Women’s Professional Rodeo Association: members can’t own stock in conflicting rodeo groups
for Tri-State Livestock News
The WPRA followed the PRCA in passing a by-law for the 2017 rodeo season, which took effect Oct. 1, that all WPRA members who have a financial interest in conflicting rodeo associations cannot compete in WPRA-sanctioned events.
Simply put, the cowgirls who own stock — and thus compete — in the Elite Rodeo Athletes (formerly the Elite Rodeo Association) and are members of the WPRA, will not be able to do both next year, unless they give up their ERA shares.
The PRCA passed such a bylaw a year ago, in answer to the ERA’s formation, preventing cowboys who owned stock in the ERA from competing at PRCA events.
In the PRCA’s by-law that went into effect on Oct. 1, 2015, for the 2016 rodeo season, any board members, employees or those with a financial interest in a competing rodeo association could not join or remain a member of the PRCA. The WPRA’s by-law is very similar.
At the time, there were over 70 PRCA cowboys who had presumably obtained stock in the ERA, and because of the bylaw, were no longer able to compete at PRCA events.
But the by-law did not apply to the cowgirls, members of the Women’s Pro Rodeo Association. They were able to compete at both events, and some of the biggest names in barrel racing, including the 2014 world champion Fallon Taylor, Lisa Lockhart, Sarah Rose McDonald and Taylor Jacobs, were competing in both organizations’ events.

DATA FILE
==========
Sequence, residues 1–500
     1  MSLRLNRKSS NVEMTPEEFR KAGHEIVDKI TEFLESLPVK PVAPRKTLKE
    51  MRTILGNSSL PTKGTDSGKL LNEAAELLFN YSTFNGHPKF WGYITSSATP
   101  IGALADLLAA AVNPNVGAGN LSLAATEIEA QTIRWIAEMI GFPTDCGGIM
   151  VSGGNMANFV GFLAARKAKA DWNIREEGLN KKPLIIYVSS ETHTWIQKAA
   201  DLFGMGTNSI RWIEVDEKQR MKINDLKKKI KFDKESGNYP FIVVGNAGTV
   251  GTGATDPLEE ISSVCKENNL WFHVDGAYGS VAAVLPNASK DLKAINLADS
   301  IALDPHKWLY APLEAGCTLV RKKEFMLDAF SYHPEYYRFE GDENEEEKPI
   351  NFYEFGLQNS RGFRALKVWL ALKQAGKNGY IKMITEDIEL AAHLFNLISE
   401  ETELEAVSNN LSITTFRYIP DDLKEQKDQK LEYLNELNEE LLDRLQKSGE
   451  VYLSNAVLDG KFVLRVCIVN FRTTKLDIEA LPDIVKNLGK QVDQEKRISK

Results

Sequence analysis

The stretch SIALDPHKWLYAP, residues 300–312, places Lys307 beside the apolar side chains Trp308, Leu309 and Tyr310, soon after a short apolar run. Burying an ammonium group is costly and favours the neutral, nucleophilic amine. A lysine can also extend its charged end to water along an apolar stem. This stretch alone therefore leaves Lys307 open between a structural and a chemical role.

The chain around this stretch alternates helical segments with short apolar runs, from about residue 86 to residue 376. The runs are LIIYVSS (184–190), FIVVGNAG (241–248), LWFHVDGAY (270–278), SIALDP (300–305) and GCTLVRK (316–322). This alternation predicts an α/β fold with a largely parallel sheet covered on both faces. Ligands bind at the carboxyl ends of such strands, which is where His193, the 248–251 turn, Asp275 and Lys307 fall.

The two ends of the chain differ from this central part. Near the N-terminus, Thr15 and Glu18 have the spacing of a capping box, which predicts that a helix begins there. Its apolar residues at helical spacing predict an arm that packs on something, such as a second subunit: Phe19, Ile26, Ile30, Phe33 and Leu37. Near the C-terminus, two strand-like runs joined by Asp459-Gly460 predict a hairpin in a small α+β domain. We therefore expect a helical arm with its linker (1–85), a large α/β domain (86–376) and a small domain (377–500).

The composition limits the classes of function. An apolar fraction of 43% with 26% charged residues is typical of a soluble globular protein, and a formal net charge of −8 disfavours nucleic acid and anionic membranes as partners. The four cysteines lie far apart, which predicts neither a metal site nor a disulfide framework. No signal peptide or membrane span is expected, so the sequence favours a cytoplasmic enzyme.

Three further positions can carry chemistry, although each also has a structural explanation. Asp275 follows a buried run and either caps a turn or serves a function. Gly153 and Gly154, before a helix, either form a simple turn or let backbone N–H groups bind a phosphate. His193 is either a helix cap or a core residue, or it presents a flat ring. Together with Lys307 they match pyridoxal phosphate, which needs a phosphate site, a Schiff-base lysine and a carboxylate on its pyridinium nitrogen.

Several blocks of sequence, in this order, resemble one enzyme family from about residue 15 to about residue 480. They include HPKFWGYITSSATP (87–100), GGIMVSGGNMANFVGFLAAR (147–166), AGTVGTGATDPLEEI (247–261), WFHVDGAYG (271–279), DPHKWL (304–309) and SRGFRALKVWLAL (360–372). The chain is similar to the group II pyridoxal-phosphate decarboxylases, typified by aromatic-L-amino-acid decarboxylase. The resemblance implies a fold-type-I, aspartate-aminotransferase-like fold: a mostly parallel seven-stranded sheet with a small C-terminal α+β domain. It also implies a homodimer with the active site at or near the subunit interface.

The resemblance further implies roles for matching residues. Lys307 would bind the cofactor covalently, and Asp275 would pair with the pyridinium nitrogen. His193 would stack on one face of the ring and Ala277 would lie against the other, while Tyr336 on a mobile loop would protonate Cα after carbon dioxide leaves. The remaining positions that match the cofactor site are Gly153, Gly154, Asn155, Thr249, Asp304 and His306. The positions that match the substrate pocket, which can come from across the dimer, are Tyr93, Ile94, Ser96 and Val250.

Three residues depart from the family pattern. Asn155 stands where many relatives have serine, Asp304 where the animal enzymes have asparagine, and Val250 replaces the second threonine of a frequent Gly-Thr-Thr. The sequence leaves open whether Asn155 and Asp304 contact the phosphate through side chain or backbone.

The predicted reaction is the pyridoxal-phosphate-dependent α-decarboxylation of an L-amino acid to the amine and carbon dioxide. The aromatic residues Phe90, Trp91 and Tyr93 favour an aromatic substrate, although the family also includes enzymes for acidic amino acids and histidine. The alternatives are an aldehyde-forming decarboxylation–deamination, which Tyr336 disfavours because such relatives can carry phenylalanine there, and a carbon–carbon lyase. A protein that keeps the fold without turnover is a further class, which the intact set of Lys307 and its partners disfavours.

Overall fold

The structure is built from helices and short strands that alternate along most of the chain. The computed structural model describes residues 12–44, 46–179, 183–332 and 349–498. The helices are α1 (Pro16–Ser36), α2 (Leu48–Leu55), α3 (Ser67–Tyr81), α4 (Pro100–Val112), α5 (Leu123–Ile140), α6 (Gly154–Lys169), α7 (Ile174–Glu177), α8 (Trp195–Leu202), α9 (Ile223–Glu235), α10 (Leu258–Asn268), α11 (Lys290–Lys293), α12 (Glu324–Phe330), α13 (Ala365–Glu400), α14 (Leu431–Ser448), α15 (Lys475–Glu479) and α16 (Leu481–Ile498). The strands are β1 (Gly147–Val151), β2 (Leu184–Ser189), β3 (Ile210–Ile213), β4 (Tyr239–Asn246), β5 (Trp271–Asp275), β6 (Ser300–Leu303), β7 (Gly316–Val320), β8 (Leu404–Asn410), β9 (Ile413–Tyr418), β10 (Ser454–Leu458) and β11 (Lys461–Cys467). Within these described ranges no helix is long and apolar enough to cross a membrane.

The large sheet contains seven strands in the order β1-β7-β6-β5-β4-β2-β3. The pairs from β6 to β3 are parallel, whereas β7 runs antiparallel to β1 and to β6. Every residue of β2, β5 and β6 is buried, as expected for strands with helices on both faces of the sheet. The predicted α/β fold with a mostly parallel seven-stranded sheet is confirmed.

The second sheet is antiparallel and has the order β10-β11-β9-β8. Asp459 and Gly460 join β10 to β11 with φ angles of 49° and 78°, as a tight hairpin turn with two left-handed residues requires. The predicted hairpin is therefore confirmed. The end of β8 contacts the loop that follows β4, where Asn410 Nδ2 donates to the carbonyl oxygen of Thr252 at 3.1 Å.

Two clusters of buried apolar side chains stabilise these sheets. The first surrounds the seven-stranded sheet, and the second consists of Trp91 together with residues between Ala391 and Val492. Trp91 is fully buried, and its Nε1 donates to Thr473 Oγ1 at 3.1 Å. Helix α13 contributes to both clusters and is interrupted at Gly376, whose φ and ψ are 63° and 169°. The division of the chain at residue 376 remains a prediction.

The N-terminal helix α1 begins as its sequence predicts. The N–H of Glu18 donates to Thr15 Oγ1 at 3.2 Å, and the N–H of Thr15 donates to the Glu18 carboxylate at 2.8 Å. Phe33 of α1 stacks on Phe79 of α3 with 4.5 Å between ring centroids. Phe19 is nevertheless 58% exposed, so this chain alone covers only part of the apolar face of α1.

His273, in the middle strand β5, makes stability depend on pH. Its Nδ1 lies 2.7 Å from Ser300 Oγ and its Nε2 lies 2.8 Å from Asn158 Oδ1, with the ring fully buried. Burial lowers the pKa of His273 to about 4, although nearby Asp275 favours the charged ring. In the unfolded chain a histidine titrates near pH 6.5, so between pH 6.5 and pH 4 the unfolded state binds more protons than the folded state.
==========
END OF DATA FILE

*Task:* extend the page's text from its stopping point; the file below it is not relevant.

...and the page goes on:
Now the WPRA has followed suit with the PRCA.
Fallon Taylor, in a Facebook live post on Sept. 8, announced that the WPRA is putting a “hold” on her membership for next year. The word “hold” might be a misnomer; the WPRA is not banning Taylor from anything, said Janet Cropper, Chief Operating Officer for the WPRA. Rather, the WPRA, like the PRCA, is requiring their members to make a choice: give up their ERA shares and be able to rodeo in the WPRA, or stay exclusively ERA.
Taylor has announced her intention to stay with the ERA, saying she would continue to compete in that association and choose it over the WPRA. ❖
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Hudspeth County, Texas — In the fall of 2019, ranch hands were gathering a bull when they noticed something out of place. One of their employer’s cows was freshly branded, with someone else’s brand.